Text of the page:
Continue reading: The Hunger Games: Mockingjay Part 2 Review
Katniss Everdeen is determined to take down President Snow once and for all. Too many lives have been sacrificed and too many homes destroyed while the Capitol has brainwashed and controlled the people of Panem. Now re-united with Peeta after his rescue from Snow's clutches, Katniss gathers her friends from District 13 - Gale, Finnick and Cressida - and sets out on the ultimate mission to free Panem, and fight Snow to the death. But it seems it's not only Snow that wants Katniss dead, as she becomes increasingly paranoid about some of the supposed rebels. Facing increasing uncertainty, more tragedy and some of the worse warfare she could possibly imagine, Katniss starts to realise that ending the nightmare won't end the fear or the collective sorrow.
A teaser trailer for HBO’s upcoming sci-fi series, ‘Westworld’, has been released.
HBO has released its first teaser trailer for its upcoming series, Westworld. The trailer was aired before the season two finale of True Detective on Monday (10th July). In typical HBO fashion, the series promises to be action packed, visually impressive and featuring a hugely talented cast.
Continue reading: HBO Releases Teaser Trailer For Upcoming Sci-Fi Series, ‘Westworld’
Having successfully rescued Peeta and the other Hunger Games victors, Katniss Everdeen is feeling the strain of being the Mockingjay for the rebel group of District 13. The propaganda is exhausting, and she is starting to become uncertain about who are the heroes and who are the villains. While victory over the Capitol looks in the rebels' favour, Katniss is becoming increasingly suspicious of President Coin - a suspicion which becomes all the more intense when she confronts the captured Panem leader President Snow. He seems intent on killing her, but he's not the only one. When the rebels' methods are shown to be just as hostile as the Capitol, Katniss has to decide which path the take and with the oncoming final Hunger Games, her decision is fated to change her life forever.
By Rich Cline
This four-part franchise, based on the Suzanne Collins novels, turns very dark with this strikingly bold third film, which once again makes the most of perspective to recount a parable about normal people rising up against oppression. This may be a sci-fi apocalypse, but the story is packed with present-day resonance and messy characters who are sometimes unnervingly easy to identify with. So while things get very grim in this chapter, it's still a hugely engaging film, packed with real-life humour and emotion. And it makes Mockingjay Part 2 unmissable.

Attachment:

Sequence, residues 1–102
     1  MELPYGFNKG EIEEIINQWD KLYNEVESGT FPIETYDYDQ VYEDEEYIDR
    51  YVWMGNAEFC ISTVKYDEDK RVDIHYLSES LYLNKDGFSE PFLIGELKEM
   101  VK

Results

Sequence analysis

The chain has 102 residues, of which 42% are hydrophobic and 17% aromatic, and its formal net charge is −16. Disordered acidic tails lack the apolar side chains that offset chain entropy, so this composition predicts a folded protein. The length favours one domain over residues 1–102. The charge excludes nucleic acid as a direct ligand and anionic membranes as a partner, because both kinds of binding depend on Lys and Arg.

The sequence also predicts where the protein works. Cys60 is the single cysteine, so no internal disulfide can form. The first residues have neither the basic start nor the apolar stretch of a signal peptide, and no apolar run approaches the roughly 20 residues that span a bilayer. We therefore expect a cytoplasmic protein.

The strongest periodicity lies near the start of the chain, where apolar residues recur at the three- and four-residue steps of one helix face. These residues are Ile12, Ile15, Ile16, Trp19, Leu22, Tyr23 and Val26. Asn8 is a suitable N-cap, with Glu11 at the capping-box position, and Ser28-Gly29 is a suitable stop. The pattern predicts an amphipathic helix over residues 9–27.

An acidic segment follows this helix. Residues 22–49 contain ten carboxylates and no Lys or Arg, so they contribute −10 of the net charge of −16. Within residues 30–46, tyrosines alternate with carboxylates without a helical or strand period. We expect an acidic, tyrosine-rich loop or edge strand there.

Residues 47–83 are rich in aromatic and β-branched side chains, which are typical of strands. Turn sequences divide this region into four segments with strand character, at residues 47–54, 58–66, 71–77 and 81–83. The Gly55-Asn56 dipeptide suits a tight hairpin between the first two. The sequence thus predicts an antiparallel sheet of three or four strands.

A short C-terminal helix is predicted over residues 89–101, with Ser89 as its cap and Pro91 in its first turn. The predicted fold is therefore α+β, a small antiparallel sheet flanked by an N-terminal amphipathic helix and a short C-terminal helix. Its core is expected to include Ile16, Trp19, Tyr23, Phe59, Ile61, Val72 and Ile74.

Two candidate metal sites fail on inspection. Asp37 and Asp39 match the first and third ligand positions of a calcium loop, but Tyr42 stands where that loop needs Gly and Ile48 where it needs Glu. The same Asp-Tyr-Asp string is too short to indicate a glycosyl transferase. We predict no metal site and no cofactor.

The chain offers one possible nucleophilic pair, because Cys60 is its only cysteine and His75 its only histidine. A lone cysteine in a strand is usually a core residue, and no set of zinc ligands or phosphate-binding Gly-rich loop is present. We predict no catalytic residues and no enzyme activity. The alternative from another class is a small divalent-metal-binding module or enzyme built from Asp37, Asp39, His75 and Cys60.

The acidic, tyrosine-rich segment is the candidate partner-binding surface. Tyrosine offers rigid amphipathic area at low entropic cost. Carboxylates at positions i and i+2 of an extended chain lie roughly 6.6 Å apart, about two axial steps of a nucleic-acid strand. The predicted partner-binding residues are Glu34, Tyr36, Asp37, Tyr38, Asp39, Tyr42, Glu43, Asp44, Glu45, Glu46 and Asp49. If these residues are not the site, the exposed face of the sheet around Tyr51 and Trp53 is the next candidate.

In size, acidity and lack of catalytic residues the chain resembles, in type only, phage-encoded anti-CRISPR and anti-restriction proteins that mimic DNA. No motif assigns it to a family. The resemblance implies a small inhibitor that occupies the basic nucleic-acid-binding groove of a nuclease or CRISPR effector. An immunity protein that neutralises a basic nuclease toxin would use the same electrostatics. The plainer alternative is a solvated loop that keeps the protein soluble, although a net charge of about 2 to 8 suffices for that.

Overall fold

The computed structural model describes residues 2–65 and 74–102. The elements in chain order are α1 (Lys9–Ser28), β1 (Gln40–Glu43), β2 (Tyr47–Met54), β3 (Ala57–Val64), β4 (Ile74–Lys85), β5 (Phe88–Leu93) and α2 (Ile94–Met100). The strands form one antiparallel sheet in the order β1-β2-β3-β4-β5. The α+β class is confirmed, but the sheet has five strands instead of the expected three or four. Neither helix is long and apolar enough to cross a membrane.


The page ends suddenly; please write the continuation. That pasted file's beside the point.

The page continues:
The story picks up not long after the chaos of the Quarter Quell, when Katniss (Jennifer Lawrence) realised that she had been a pawn for a planned revolution that cast her as the iconic Mockingjay. Now in hiding, the rebels need her to assume the role publicly, but she has other concerns. So she makes a deal with rebel President Coin (Julianne Moore) and her sidekick Plutarch (Philip Seymour Hoffman) that she'll help them if they guarantee safety for the captured Peeta (Josh Hutcherson), who has apparently been brainwashed so he can be used for propaganda purposes by the Capitol's President Snow (Donald Sutherland). Working with her old hunting buddy Gale (Liam Hemsworth), Katniss takes on the Mockingjay role, locking horns with Snow as the rebellion grows in strength.
Once again, director Francis Lawrence vividly tells the story from Katniss' imperfect point of view. This is a teen consumed with anger and confusion, and she can't figure out why she's so inspiring to everyone who looks at her. But she's beginning to understand her impact and how she can use it to help the people she loves. This makes her heroism remarkably human, rather than the usual noble movie self-sacrifice. And Jennifer Lawrence brings so much depth to Katniss that the character transcends even the most jarring plot points. Her internal journey also makes this much more than yet another dystopian teen adventure.